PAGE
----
How many are there? If we should start counting the food heroes in our midst… would we ever stop? How many legends are there behind the curtains, diligently working on a farm outside of Genadendal or in the suburb of Goodwood or deep, deep in the Moordenaars Karoo. I’m talking about the home industry bakers. The ginger beer makers. The gardeners and small-scale growers bringing food and life to places of hopelessness and drought. People who get up in the dead of night to start a batch of dough and, from it, shape our collective South African food identity. Fruit preservers and bottling specialists. Wedding cake connoisseurs. Or outback butcher wives who can break down a carcass with one strategic knock or cut at just the right spot.
Such legends live among us and with this new series I hope to bring honour to the warriors who continue to live and construct South Africa’s vibrant food narrative.
Although vastly varied, they all have one thing in common. Experience. Few teachers are as thorough as experience.
Annatjie Reynolds from Nieuwefontein Farm outside Richmond in the Northern Cape is one such experienced force. Able to break down a whole springbok or impala carcass in three-odd minutes, Annatjie is renowned in the Karoo as the Venison Queen.
A couple of decades ago, newly-wed and planted on a Northern Cape farm with her husband Kobus at the age of 25, Annatjie shot roots into the Karoo soil and never looked back.
“Back then, I was working with the Red Meat Producers (RPO) of South Africa travelling to various towns and giving demonstrations on meat processing. I was breaking up whole carcasses, taking apart the different cuts of meat and utilising everything to obtain the best results even from the poorest cuts, so nothing is wasted.”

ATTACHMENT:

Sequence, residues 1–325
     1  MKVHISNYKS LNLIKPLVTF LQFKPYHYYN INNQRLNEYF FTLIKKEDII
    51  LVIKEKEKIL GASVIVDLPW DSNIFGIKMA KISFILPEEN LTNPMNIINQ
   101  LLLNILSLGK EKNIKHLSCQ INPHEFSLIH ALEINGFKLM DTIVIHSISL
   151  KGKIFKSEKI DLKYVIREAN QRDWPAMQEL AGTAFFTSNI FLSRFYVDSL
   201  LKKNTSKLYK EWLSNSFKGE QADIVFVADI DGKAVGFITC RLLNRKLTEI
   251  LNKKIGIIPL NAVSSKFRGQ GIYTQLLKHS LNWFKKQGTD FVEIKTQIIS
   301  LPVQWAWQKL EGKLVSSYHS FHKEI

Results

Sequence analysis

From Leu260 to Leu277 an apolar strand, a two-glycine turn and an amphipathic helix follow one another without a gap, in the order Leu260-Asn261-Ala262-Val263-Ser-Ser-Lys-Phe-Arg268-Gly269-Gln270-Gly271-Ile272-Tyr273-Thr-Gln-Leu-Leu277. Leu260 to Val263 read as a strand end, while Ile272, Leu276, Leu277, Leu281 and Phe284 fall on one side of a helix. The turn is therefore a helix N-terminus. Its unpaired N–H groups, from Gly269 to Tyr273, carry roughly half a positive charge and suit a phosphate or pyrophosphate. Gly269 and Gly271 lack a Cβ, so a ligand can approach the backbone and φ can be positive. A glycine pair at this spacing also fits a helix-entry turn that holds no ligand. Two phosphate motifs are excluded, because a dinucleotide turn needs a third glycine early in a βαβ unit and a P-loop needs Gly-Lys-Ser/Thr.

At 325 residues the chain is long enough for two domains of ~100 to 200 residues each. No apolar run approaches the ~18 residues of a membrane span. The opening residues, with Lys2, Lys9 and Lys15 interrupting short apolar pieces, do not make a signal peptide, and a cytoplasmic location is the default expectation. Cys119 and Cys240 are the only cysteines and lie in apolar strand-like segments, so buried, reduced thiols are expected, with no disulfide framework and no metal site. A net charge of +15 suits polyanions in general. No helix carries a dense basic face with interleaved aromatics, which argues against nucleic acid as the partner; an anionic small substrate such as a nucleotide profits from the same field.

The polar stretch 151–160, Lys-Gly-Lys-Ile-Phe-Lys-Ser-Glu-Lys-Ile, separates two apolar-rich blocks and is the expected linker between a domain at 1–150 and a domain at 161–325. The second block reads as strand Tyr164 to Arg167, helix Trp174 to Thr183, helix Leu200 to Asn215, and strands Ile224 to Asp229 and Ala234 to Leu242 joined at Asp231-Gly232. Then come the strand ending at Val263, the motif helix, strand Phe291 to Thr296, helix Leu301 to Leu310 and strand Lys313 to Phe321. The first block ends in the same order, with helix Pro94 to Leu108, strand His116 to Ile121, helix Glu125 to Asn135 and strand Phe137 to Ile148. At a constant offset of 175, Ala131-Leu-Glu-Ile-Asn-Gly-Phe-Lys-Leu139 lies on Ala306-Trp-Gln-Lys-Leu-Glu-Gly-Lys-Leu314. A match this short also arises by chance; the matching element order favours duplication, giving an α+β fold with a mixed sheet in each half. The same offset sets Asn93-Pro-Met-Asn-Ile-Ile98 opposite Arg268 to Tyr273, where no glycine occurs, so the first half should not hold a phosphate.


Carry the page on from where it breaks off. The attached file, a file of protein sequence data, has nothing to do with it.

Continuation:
She’s blasé about these early years, but I can only imagine the Grey Suits of the RPO with their jaws on the floor, astonished by this fierce 25-year-old slicing and sectioning chunks of red meat as if she were Bill The Butcher from Gangs of New York. Annatjie was undeterred. She had trails to blaze.
“We were a sight to behold. Trekking across the Karoo with a bakkie full of macabre equipment… my trusted meat axe, the hand saw, a cold smoking drum that Kobus meticulously constructed for me, bags of wood chips, dozens of freshly-hunted springbok hindlegs on everyone’s laps and a giant carcass rack – also one of Kobus’ creations – in tow.
“Kobus is a real MacGyver,” she remarks.
“By the end of the day, everyone involved smelt like cowboys; thoroughly smoked and sticky from head to toe.”
Amid the smoke and sawing, something just clicked. “I combined my knowledge of meat processing and butchery with my home economics studies at Stellenbosch, just taught the people that came to those demonstrations the basic, practical skills,” she says. “Hands ON. If they partook in the technique, they remembered.”
The travelling meat demonstrations morphed into farm visits later on, which saved on logistical endeavours. For select events, however, Annatjie still assembles the troops to trek wherever eager learners await.
“I always say I’ll never do it again… but my cousin Rijk Melck from Muratie Wine Estate outside Stellenbosch just begged me to do two classes with them in June. Of course, I agreed! I don’t know why I keep doing this,” she says, roaring with laughter.
In 2000, when Union Preparatory School in Graaff-Reinet launched a recipe book fundraiser, the rest of SA got a glimpse of Annatjie’s gift for working with venison. The now-legendary “Karoo Family Favourites” recipe book was first compiled by Annatjie and dear friends Janet Kingwill and Lynn Minnaar.
“People from all over SA started reaching out to us for more venison recipes. We couldn’t believe it,” Annatjie recalls.
Venison wasn’t always considered the luxury ingredient we know today. Especially among new-age hunters and outfitters (who know more about shooting and stuffing animals than processing meat, sadly), only the good cuts were used to make mainly biltong and droëwors. The rest was often ill-prepared and then disliked for being tough or having an overly robust, gamey taste. It’s still an ignorant opinion among some people today.